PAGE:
• Peter Taylor
          Posted February 4, 2020 at 8:59 am | Permalink

          De rien, Robert.

  12. Ken Kukec
    Posted February 3, 2020 at 4:52 pm | Permalink

    Sounds like Nixon and Henry the K must’ve filled Mao in about the Killer’s back catalog during their ’72 visit to China.

    • merilee
      Posted February 3, 2020 at 6:30 pm | Permalink

      Thought of those two-or three – rockin’ out to Jerry Lee gives me the giggles.

  13. Roger
    Posted February 3, 2020 at 6:34 pm | Permalink

    The first thing I remember playing on guitar other than this was the Monty Python “Short Blues” which I had not realized until today was played by none other than Neil Innes! I could have sworn it was from “Live at the Hollywood Bowl” but I see now it must have been from “Live at City Center”. I figured it out on my own from the record, but I though that I had not figure it out because it was so simple. Surely it was harder to play than that because it sounds so cool! Now I realize that people deliberately do clever things with simple-to-play licks.

    • Roger
      Posted February 3, 2020 at 6:46 pm | Permalink

      Sorry about the typos. Apparently I do not like the letter “t” and who the hell needs a past tense anyway? Expunge them both I say.

  14. merilee
    Posted February 3, 2020 at 7:10 pm | Permalink

    Great Balla of Fire was the very first 45 that I owned, given to me, surprisingly, by my mother. The store must have told her it was the top of the charts.

    • Dominic
      Posted February 4, 2020 at 6:49 am | Permalink

      Goodness gracious!

  15. E.A. Blair
    Posted February 4, 2020 at 12:04 am | Permalink

    The television version of this sketch was in the 12th show of MPFC’s second season. That was the same episode that closed with the better-known Spam sketch. It first was broadcast on 15 December 1970.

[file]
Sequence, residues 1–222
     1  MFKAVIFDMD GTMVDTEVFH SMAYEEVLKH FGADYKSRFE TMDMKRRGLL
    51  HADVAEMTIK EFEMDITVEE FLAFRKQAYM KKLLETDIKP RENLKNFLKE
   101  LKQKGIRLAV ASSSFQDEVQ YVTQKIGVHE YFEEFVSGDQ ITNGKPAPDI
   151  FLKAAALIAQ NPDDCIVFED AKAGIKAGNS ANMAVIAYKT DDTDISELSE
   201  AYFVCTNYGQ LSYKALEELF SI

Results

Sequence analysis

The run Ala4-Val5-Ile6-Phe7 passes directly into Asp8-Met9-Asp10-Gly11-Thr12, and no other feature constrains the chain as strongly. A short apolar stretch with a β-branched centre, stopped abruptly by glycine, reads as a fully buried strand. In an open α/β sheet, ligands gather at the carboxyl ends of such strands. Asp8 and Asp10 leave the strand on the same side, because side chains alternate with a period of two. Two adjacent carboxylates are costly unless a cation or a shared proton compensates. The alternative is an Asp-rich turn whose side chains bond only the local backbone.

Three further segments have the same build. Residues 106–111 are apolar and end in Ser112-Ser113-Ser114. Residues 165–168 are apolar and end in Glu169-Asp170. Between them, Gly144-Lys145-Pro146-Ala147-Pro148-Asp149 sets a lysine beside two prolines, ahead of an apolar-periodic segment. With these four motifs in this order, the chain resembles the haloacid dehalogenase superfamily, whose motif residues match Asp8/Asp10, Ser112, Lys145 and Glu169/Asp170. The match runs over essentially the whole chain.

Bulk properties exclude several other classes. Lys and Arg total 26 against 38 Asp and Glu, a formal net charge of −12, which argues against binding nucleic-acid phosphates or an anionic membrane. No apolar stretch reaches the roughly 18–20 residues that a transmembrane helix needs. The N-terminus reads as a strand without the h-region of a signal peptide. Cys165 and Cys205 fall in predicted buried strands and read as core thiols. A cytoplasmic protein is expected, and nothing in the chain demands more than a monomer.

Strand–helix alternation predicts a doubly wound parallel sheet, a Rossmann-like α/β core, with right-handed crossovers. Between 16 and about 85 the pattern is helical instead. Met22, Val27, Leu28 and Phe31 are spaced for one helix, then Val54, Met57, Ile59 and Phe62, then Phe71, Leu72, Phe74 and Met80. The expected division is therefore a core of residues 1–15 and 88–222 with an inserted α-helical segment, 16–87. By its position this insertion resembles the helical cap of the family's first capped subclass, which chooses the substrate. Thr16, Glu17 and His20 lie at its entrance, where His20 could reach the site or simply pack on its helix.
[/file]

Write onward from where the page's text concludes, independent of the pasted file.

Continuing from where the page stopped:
16. Posted February 4, 2020 at 3:20 am | Permalink

    Here in Oz it was seriously suggested (not that long ago) that applicants for citizenship should be asked about Don Bradman’s batting average (it’s 99.94, by the way – just in case you were thinking of moving).

    • TJR
      Posted February 4, 2020 at 4:59 am | Permalink

      Excellent idea. The trickier follow-up would be Steve Smith’s current average.

      • Posted February 4, 2020 at 1:27 pm | Permalink

        Or the nature of Ricky Stuart’s groin injury during the 1989 NRL grand final.

    • Dominic
      Posted February 4, 2020 at 6:51 am | Permalink

      …oh that last innings at the Oval…!

      • Posted February 4, 2020 at 1:30 pm | Permalink

        If the tears well up convincingly in your eyes during the viewing of that video (I can’t bare to watch it myself!) you’re in Dominic!

      • jedijan
        Posted February 5, 2020 at 10:16 am | Permalink

        Surely not out for a duck 🦆🦆🦆🦆🦆🦆🦆🦆

  17. Fred M
    Posted February 4, 2020 at 8:10 am | Permalink

    The Extended Phenotype might well be Dawkins’ best book. No one should have an opinion on TSG without having read TEP.

  18. gravelinspector-Aidan
    Posted February 4, 2020 at 9:18 am | Permalink

    For some reason, this put me in mind of the infamous episode of “University Challenge” where the UMIST team answered all the questions with references to various communist and Trotskyist writer and politicians.
    Some things, it seems, are not on YouTube. The most I could find is a 3 minute clip of the protagonists reminiscing, with a few seconds of footage from the broadcast.

    • Jonathan Wallace
      Posted February 4, 2020 at 1:21 pm | Permalink

      David Aaronovitch was a member of that team (University of Manchester, I think, rather than UMIST). He had a second go at the show in 2018 when he was on the University of Manchester team in the Christmas alumni competion. I believe second time around he adopted a more orthodox approach to the quiz!

  19. Vaal
    Posted February 4, 2020 at 10:55 am | Permalink

    Wild, I’d just watched that very sketch a few days ago. Love it.

    My favorite Python sketch (along sort of similar lines) is the Philosopher’s Football Match.

    • jedijan
      Posted February 5, 2020 at 10:08 am | Permalink

      I could never get enough of the Spanish Inquisition.

  20. GEORGE SEPSO
    Posted February 4, 2020 at 3:07 pm | Permalink

    I seem to recall another sketch in which Terry Jones plays Trotsky, and it was utterly unhinged—much more manic than The Communist Quiz.